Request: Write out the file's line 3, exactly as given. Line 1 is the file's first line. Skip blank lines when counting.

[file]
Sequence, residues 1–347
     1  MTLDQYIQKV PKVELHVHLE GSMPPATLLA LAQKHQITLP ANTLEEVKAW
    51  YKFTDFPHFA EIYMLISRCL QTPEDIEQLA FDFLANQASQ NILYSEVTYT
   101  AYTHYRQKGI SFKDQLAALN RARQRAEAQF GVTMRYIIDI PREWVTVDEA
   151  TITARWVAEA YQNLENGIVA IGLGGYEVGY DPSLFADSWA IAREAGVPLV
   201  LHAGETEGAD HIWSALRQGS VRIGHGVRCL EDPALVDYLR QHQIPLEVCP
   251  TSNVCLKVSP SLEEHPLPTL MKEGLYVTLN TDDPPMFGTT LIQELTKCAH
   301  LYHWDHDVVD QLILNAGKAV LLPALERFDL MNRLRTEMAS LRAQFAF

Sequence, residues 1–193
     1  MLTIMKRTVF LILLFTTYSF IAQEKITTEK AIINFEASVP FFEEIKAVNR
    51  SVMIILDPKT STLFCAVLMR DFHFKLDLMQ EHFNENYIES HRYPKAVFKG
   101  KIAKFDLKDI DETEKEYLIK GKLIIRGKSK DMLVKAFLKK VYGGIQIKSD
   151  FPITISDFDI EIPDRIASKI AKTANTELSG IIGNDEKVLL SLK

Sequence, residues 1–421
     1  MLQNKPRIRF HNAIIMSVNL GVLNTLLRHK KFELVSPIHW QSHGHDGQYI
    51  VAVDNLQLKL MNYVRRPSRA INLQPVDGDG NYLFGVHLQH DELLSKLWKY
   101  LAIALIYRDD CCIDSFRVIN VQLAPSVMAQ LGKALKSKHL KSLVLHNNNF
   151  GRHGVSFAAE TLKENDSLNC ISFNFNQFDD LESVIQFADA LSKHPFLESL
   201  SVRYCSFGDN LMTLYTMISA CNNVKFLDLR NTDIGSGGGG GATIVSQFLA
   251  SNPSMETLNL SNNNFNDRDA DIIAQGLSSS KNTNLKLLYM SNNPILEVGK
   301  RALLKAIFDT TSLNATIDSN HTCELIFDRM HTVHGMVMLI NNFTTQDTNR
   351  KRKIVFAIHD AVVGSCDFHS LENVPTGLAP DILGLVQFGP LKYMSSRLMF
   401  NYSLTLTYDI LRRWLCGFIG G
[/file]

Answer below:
    51  YKFTDFPHFA EIYMLISRCL QTPEDIEQLA FDFLANQASQ NILYSEVTYT